The tour leader reported that in conversation with subjects at the time of completion of the last questionnaire, several commented that they had noticed when using No-Jet-Lag that they experienced less swelling of lower limbs, found it easier to sleep in flight and noted a lack of disrupted sleep in the days after arrival. These effects were not specifically tested for in the trial and warrant further tests.

The results of this study support the use of No-Jet-Lag as a remedy for jetlag symptoms on long-haul flights. These results were consistent with those from informal testing of No-Jet-Lag carried out since 1988, including a survey of 55 flight attendants on routes between New Zealand and Asia, North America and Europe, which showed 75% considered the remedy effective (1).

The lack of any adverse side effects in subjects taking No-Jet-Lag suggests it is well tolerated at the dose used. Further trials are suggested to specifically test individual factors that may or may not contribute to jetlag, for example the amount of water and alcohol drunk (as dehydration is suspected of making jetlag worse). In such further trials the amount of non-alcoholic and alcoholic fluids should be carefully monitored and possibly controlled to remove this factor. It is possible that the results in our trial might have been different had we used subjects with only an average level of fitness rather than the higher level possessed by those doing the trial, although we have no firm reason to believe this would be so.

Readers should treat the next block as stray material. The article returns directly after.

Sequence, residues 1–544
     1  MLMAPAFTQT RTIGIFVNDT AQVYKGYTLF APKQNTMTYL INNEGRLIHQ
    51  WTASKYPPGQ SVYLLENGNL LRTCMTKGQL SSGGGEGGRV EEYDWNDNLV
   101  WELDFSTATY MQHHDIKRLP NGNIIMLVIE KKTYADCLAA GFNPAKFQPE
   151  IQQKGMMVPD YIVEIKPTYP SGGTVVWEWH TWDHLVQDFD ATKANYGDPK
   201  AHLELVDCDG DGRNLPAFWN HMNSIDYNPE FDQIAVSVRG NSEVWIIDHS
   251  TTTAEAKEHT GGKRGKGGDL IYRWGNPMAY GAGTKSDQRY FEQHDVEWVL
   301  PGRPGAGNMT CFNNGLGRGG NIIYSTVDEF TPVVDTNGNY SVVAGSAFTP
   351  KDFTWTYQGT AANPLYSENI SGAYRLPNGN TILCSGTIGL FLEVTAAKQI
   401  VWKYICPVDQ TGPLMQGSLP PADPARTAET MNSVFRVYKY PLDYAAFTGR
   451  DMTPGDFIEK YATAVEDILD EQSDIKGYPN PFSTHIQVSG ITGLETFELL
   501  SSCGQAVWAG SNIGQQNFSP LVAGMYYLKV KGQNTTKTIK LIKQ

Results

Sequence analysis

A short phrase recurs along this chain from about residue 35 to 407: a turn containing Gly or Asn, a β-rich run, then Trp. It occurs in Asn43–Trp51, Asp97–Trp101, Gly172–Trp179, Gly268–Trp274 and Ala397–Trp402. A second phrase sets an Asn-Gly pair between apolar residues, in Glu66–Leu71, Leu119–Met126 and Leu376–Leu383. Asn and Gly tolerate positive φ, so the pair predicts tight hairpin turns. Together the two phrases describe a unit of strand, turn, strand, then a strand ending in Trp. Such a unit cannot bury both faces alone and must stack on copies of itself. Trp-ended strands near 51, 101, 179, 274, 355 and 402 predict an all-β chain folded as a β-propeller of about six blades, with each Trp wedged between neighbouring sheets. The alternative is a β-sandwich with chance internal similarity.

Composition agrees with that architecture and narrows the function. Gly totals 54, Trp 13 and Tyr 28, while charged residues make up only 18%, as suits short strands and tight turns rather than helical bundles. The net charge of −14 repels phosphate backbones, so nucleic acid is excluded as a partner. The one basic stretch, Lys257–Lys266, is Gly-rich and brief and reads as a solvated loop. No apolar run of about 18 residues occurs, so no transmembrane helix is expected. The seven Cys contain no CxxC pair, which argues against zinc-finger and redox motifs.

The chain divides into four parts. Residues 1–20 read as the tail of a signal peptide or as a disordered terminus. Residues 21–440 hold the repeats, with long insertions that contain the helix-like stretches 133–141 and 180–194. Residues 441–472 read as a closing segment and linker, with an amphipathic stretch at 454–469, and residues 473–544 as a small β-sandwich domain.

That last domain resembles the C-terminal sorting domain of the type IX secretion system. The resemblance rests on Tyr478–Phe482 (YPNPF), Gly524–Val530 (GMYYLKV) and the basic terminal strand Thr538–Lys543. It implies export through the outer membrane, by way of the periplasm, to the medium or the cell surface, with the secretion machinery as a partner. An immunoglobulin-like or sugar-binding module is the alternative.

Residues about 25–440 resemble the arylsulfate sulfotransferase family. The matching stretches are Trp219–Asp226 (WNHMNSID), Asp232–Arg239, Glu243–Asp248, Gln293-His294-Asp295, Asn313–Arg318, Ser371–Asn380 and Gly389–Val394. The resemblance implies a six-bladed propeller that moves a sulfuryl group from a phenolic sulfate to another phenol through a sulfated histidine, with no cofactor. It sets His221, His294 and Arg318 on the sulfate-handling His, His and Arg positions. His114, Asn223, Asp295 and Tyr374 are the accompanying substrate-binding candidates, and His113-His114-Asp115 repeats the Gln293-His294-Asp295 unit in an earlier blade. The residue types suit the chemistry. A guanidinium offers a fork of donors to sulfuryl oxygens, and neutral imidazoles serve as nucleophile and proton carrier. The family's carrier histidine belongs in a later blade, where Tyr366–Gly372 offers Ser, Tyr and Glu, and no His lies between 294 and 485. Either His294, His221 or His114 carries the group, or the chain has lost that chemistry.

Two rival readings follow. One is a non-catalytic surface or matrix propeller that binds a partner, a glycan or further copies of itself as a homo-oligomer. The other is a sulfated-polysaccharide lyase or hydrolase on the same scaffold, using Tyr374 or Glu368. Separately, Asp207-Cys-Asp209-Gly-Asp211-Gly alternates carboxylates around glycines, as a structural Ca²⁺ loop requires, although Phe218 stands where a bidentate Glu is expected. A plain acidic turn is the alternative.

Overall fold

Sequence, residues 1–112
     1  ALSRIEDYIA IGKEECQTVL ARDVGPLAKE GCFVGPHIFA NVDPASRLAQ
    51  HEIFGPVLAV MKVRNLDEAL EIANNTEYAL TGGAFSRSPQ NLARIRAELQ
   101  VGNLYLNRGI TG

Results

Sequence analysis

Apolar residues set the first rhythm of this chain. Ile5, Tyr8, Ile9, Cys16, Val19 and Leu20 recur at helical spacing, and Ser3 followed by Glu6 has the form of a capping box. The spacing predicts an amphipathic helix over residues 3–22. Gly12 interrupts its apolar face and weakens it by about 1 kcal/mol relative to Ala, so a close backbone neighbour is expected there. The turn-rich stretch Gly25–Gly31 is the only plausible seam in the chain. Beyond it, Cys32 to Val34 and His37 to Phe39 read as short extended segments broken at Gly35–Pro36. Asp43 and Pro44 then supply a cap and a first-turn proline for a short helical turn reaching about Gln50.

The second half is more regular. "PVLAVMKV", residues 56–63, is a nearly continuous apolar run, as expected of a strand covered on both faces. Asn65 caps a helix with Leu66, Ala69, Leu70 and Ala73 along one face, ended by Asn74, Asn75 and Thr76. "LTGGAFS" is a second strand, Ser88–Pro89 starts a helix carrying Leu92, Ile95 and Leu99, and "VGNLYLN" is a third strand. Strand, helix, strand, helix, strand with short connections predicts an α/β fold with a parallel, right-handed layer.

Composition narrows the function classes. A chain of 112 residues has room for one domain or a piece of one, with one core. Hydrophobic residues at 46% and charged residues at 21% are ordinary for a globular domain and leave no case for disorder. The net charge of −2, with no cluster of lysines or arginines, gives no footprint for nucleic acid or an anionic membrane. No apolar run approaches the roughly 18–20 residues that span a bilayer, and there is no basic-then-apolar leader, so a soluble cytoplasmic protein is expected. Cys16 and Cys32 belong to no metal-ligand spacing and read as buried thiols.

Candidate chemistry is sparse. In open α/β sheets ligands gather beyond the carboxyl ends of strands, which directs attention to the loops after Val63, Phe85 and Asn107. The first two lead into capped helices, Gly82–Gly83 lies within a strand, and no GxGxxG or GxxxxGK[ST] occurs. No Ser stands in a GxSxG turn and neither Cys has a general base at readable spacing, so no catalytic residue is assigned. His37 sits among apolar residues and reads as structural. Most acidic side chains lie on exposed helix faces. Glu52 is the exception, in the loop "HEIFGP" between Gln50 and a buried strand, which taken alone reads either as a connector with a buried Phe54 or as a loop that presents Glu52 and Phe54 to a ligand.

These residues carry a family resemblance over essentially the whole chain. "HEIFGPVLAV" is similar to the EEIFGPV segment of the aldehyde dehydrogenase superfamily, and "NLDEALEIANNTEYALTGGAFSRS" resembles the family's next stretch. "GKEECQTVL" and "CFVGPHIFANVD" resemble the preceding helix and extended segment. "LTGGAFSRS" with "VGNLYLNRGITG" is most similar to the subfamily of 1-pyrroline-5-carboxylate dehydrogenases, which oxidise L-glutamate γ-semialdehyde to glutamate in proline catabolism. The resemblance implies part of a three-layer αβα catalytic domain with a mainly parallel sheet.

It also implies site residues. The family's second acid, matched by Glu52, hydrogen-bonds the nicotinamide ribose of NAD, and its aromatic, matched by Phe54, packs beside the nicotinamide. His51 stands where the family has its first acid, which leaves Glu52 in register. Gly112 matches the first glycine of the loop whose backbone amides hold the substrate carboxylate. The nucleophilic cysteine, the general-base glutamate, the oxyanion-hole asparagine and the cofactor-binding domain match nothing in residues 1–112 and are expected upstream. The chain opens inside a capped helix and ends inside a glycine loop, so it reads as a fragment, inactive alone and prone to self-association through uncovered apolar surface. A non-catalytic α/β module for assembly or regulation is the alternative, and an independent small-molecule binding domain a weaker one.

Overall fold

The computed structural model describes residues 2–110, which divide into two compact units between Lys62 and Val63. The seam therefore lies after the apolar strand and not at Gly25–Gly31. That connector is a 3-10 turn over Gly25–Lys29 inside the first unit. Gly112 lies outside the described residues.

Professor K. Kumar Ph.D.
Professor of Biopharmaceutics/Pharmacokinetics
Howard University, College of Pharmacy
Washington D.C. 20059
United States of America

Andrew Criglington
Director of Research
Miers Laboratories
Wellington 6038
New Zealand


1. Miers Laboratories, Do flight professionals get jetlag? Aviation, Space, and Environmental Medicine. Volume 69, Number 8, Page 810, Aug 1998.

2. Recht LD; Lew RA; Schwartz. A letter, Baseball teams beaten by jetlag. Nature, 377 (6550): 583 1995 Oct 19.

3. Petrie K, Conaglen JV, Thompson L, Chamberlain K. Effect of melatonin on jetlag after long-haul flights. Br Med J 1989; 298, 705-707.

4. Petrie K, Dawson AG, Thompson L, Brook R. A double-blind trial of melatonin as a treatment for jetlag in international cabin crew. Biol Psychiatry 1993; 33:526-530.

5. Daan S, Lewy AJ. Scheduled exposure to daylight; a potential strategy to reduce jetlag following transmeridian flight. Psychopharmacol Bull 1984; 20:566-568.

6. Wever RA. Light effects on human circadian rhythms: A review of Andechs studies. J. Biol Rhythms 1989;4:161-185.

7. McNair DM, Lorr M, Droppleman LF, Edits manual for the profile of mood states. San Diego: EDITS, 1981.

8. SPSS Incorporated. Users guide to statistical package for the social sciences - X. New York: McGraw-Hill, 1983.